Pastoral nomads migrate often from place to place and their migratingplaces are not defined they migrate wherever fodder and water areavailable for their livestock. Therefore, there is no defined path ofmigration.TheDhangar community of MaharashtraTheDhangar community which is the nomadic tribe group (NT) is communityof the state of the Maharashtra. It is the considered as a nomadicpastoral group at the national level (Rupesh Jadhav,2014 TISS). Thename Dhangar is derived by some from thr Sankrit word ” Dhenugar”meaning cow-keeper, but the etymology seems rather hctitious, for theDhangars have never been known to tend cows, sheep. The Dhangars haveno tradition which will throw light upon their origin. In physicalcharacter and customs they resemble the Maratha Kunbis, whichsuggests that they are formed form them( Hassan S.

) Apastoralist group predominantly occurring in Maharashtra are theDhangars who are a traditional semi nomadic group. They maintainlarge herds of largely sheep along with goats, buffaloes, horses,dogs and chickens. The men and women share work with relation toherding, feeding, milking, assisting ewes in labour, taking care ofthe animal (Patil , Meena & Tripathi, et.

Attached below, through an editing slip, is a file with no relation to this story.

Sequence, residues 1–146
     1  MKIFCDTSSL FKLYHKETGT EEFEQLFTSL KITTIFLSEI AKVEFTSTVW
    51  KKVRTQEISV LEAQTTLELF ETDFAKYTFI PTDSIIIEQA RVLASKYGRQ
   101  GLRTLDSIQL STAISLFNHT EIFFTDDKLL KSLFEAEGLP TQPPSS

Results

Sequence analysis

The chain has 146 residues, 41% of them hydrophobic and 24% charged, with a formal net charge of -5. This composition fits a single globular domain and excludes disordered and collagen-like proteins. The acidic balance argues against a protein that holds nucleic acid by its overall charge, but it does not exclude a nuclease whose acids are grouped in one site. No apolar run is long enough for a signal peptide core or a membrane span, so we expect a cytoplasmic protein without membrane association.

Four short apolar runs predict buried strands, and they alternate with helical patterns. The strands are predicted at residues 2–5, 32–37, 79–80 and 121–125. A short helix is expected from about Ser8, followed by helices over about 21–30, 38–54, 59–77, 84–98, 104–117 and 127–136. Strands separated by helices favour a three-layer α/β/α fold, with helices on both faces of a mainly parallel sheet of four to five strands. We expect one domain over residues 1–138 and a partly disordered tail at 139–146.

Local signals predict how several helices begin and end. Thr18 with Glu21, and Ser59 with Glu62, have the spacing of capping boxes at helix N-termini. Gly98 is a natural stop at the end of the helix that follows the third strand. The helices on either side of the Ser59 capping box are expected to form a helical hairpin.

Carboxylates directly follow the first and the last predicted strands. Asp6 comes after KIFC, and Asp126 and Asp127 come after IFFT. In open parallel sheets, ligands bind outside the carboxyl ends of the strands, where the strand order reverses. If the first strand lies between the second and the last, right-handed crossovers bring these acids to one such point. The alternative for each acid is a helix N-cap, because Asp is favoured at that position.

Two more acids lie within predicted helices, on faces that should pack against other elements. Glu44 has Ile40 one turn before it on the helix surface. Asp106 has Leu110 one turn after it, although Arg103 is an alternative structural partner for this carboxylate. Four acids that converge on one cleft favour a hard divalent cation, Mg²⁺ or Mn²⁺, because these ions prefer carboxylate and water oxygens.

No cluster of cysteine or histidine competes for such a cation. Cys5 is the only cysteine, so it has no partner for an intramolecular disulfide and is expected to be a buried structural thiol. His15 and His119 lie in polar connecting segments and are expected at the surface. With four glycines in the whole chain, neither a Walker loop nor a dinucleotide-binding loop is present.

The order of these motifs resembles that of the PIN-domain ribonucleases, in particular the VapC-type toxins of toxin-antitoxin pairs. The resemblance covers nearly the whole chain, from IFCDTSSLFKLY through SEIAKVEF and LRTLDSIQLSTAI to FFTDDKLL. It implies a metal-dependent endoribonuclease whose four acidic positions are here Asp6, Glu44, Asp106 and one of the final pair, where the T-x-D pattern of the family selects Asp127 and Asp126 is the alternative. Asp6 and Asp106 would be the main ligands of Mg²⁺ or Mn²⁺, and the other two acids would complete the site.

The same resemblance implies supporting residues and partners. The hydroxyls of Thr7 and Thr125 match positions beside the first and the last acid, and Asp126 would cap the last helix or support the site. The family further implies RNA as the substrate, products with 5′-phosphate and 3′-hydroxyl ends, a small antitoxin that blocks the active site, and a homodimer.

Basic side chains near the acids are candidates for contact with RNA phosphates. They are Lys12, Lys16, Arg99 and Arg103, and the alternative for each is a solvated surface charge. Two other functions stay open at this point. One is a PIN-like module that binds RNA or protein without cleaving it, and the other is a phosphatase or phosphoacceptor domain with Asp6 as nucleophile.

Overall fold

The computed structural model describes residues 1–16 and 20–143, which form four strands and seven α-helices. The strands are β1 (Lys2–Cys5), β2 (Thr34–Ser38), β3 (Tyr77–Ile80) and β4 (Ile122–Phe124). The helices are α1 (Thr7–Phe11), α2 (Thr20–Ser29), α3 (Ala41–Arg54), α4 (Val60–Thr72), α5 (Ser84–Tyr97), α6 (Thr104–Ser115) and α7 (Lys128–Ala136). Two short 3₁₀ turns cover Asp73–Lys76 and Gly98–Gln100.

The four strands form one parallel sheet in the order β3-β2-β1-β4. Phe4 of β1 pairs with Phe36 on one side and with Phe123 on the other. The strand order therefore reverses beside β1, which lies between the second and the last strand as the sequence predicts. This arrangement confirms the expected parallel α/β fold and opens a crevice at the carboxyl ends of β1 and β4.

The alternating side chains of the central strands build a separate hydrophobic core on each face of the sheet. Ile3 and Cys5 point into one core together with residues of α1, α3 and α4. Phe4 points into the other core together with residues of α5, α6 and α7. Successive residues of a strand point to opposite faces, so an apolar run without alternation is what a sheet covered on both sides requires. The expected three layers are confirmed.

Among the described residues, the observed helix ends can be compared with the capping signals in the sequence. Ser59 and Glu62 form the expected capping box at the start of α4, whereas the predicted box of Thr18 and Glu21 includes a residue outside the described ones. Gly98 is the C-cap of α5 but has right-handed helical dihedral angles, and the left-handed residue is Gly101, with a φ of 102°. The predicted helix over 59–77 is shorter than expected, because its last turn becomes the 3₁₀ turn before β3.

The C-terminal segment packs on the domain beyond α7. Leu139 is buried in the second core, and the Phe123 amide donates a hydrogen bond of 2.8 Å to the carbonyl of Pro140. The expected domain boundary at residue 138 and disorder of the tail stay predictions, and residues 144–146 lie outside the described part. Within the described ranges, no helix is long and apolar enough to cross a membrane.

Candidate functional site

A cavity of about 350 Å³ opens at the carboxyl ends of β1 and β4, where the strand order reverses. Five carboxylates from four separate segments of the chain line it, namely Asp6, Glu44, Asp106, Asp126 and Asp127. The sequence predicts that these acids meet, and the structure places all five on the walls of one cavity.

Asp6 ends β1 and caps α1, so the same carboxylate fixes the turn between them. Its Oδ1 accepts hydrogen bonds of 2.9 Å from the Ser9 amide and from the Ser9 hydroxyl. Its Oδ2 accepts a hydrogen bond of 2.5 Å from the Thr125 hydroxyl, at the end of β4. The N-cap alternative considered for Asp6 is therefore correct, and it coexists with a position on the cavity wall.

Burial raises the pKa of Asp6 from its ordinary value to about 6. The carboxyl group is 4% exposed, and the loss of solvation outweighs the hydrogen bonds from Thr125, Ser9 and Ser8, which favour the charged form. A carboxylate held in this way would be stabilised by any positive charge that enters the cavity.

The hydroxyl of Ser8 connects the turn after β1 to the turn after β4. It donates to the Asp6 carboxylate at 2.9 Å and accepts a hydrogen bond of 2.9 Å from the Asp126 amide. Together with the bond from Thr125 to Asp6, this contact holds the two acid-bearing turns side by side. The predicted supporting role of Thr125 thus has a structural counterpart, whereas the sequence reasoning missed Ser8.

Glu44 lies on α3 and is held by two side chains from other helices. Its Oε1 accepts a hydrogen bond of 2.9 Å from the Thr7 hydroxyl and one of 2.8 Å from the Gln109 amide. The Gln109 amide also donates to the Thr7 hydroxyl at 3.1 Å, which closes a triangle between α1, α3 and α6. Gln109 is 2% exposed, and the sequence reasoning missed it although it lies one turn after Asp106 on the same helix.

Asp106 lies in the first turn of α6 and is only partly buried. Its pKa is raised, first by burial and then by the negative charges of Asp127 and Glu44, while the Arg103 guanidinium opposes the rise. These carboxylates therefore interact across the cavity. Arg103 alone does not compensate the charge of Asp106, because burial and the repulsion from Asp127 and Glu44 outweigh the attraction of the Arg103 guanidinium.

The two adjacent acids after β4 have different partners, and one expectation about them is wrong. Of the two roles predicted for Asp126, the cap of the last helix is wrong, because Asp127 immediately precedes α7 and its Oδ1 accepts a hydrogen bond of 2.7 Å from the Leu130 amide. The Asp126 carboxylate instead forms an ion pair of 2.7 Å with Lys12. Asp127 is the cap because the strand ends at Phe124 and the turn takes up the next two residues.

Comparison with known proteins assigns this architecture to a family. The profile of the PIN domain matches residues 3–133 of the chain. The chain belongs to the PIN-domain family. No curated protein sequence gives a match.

Al 2009).TheDhangar is known as a Nomads because Dhangar people are dependent oncows sheeps, Goats and buffaloes, and for that purpose they wanderfor fodder to their animals. In this process the cows encroach onother people’s land. Dhangar nomads are selling the milk productionto the villagers but they don’t get money from people they only takegrain from customers. These people known as Dhangar, they were mainlyplaced in the western part of Maharashtra. The traditional professionof the Dhangars is to tend to sheep and goats.

The Dhangar communityhas been divided mainly two major sub caste ,and the first major subcaste is Hatkar Dhangar and second sub caste Khutekar Dhangar. TheHatkar Dhangar engages in Shepherding occupation for the purpose ofwool and meats as well as they do farming, services and otheroccupation. While the Khutekar Dhangar is depends on the blanketweaving occupation and they also do the various types otheroccupation, such as agriculture, wages, service and other occupation. sub-castes of the Dhangars given by various scholars are as followsThis Sub caste are most Important in Maharashtra, According toEnthoven has enlisted the following 22 endogamous groups ordivisions, of the Dhangars. (l) Ahir, (2) Asal-Maratha, 65 (3)Banaji, (4) Barage, (5) Bande or Methkari,(6) Dange, (7) Gadage, (8)Gavali, (9) Ghogatunya, (10) Hatkar or Zende, (11) Holkar, (12)Kangar, (13) Khilari or Thillari, (14) Khutekar or Khute, (15) Lad,(16) Kuktekar, (17) Mendhe, (18) Mhaske, (19) Sangar, (20) Shegar,(21) Shilatya Utegar and (22) Musalman (Rathod 2000).